An Ohio jail administrator filed a lawsuit yesterday, claiming she was fired because men in her department didn’t like working for a lesbian or being questioned about their use of force with inmates.
Charmaine McGuffey, former major of jail services at the Hamilton County Jail, has slapped the Hamilton County Sheriff’s Office with a lawsuit alleging sex discrimination and retaliation.
The suit, filed in U.S. District Court, alleges that the jail fired McGuffey last June after a biased investigation into complaints that she created a hostile work environment.
“She specifically complained that her subordinate male supervisors were often disrespectful towards Plaintiff,” the suit states, noting that she appealed to Sheriff Jim Neil for support.
“In response to Plaintiff’s complaints, Sheriff Neil told Plaintiff that those supervisors, and some other men in the department, just ‘don’t like working for a woman,’” the suit states.
David Daughterty, a spokesperson for the sheriff’s office, declined to comment on the pending litigation.
The lawsuit alleges that department discouraged McGuffy from allowing the Cincinnati Enquirer to publish a piece on her wedding to her female partner “because it could be ‘used against her.’”
McGuffey was berated in front of male coworkers and excluded from staff meetings, undermined in her role as a supervisor and treated less favorably than men at the jail, she alleges.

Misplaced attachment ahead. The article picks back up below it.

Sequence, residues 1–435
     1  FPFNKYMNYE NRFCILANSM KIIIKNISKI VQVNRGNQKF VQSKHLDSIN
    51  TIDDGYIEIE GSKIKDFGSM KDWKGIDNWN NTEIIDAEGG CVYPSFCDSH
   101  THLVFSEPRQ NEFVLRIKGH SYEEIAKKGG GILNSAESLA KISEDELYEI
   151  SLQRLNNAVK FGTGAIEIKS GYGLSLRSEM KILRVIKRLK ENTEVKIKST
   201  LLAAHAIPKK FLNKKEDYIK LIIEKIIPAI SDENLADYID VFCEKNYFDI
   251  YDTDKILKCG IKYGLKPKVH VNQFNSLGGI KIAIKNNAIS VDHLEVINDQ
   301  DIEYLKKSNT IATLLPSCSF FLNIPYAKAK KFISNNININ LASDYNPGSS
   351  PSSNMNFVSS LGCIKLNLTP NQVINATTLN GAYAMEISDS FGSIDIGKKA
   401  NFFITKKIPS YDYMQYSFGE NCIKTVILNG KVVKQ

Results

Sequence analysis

McGuffey’s complaint details a laundry list of accomplishments leading up to her demotion and departure. She started work at the jail in 1983 and was repeatedly promoted, always earning high reviews in her 33 years on the job. She was the first and only woman to become a Major in the department.
Under her watch, the jail went from failing nearly all of the minimum state inspection standards to meeting them in three years. She was recognized as the best in the state in 2016, according to court documents. The State House of Representatives honored her as Public Citizen of the Year in 2016.
But in 2017, a jail employee alleged McGuffey created a hostile work environment. McGuffey wanted public force incidents against inmates investigated more thoroughly.
According to City Beat, the investigation into McGuffey centered on “allegations of favoritism, bullying and misleading statements to investigators by McGuffey.”
“Some serious allegations were brought to my attention,” Neil said in a statement when McGuffey was demoted. “Throughout the course of a very thorough investigation, these allegations were substantiated.”
The suit alleges that two-thirds of the employees interviewed in the investigation into McGuffey were male, some of whom had stated they didn’t like working for a woman. Statements in support of McGuffey were not included in the investigator’s final report, it claims. McGuffey was replaced with a heterosexual male.